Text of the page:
To follow on what Neil said on staffing, the same flexibility and creativity I mentioned above apply. We assess the client’s needs, the scope of the problem, any deadlines on the horizon, and whether, for instance, engaging attorneys outside the white-collar space is appropriate for a well-coordinated response, and then we staff accordingly in a cost-efficient way. Working with the general counsel, the partners will put together a staffing plan, ensuring the client receives the most appropriate level of experience for all elements of our mandate. We strive to keep our teams lean and deliver constant partner input; this ensures more effective and responsive advice, and lower bills for clients.

Gonzalez: Based on these strengths, we find that a lot of clients seek out Dechert specifically for complex, high-profile white-collar work where there is a lot at stake. We currently have a cross-office team working on one of the longest and most wide-ranging investigations in FCPA history, and we are lead counsel in the largest regulatory investigation currently active in Europe. A few years ago, we were lead counsel for airbag manufacturer Takata in the largest automotive recall ever.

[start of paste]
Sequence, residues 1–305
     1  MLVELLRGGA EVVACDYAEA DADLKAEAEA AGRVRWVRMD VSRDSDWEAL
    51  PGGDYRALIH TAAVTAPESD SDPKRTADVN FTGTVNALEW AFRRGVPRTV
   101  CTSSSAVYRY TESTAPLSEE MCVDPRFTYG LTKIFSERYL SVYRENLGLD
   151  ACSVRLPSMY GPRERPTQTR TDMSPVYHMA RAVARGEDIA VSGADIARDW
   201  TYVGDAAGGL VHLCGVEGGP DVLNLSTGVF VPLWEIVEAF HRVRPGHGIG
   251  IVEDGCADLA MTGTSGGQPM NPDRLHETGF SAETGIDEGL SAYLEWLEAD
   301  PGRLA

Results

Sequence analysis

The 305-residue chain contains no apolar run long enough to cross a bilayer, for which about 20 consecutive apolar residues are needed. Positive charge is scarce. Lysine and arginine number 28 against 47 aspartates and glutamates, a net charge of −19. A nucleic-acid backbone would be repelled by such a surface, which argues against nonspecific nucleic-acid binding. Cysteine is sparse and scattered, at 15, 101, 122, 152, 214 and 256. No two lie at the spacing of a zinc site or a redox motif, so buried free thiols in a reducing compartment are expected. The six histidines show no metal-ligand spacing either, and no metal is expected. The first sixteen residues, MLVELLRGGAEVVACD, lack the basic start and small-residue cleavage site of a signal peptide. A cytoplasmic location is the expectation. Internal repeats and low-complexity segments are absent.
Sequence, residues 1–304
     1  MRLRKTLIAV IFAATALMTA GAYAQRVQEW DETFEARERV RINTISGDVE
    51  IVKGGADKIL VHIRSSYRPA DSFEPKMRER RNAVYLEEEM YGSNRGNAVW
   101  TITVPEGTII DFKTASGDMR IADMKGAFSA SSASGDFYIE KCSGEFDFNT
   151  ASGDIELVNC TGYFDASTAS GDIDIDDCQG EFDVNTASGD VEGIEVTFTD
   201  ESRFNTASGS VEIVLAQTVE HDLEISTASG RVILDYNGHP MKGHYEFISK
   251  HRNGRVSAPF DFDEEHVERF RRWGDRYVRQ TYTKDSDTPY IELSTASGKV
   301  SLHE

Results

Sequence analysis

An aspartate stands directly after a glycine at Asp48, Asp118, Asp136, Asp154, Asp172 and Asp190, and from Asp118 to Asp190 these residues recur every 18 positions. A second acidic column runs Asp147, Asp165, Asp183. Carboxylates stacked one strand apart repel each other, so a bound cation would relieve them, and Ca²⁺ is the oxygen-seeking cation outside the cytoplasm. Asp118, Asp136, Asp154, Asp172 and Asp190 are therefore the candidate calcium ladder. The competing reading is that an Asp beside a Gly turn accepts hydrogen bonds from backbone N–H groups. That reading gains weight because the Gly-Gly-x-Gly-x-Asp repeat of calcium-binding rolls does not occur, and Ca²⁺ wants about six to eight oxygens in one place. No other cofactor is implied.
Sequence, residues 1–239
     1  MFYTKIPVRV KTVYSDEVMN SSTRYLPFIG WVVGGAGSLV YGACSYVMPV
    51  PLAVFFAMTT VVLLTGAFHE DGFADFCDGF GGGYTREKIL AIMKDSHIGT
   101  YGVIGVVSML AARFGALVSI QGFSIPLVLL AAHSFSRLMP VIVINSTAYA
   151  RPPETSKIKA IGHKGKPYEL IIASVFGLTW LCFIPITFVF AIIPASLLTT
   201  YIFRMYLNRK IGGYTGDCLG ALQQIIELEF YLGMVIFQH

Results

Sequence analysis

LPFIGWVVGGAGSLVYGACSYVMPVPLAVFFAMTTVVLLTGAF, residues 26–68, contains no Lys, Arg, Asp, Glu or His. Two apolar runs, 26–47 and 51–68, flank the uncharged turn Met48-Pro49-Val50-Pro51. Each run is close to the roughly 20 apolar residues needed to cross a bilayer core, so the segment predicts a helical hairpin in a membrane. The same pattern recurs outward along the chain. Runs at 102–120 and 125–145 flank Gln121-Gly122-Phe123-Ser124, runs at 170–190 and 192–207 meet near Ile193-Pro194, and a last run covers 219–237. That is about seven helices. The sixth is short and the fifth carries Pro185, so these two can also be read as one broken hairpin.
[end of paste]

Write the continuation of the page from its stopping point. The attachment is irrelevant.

Lawdragon: Can we conclude with any parting thoughts about the future – do you envision continued growth in the practice based on the trends that got us to this point?

Burlingame: The U.S. white-collar enforcement apparatus grew exponentially in the wake of the financial crisis, and the rest of the world has realized they want to play the same game. So you don’t just have the U.S., but all the foreign regulators who have looked at the Department of Justice and said, we can do this too. It’s been a sea change for companies operating in EMEA (Europe, the Middle East and Africa) and around the world, and neither of these trends is going to end any time soon. As white-collar law enforcement in other countries begin to find their feet, we’ll see even more cases with prosecutors and regulators from multiple countries. 

Most big multinational companies understand the dynamic, but even smaller companies that would have thought they were well below the radar of international law enforcement are seeing how aggressive the U.S. has been and the way other countries are following suit. There are very few places left where no one’s looking at how you operate your company.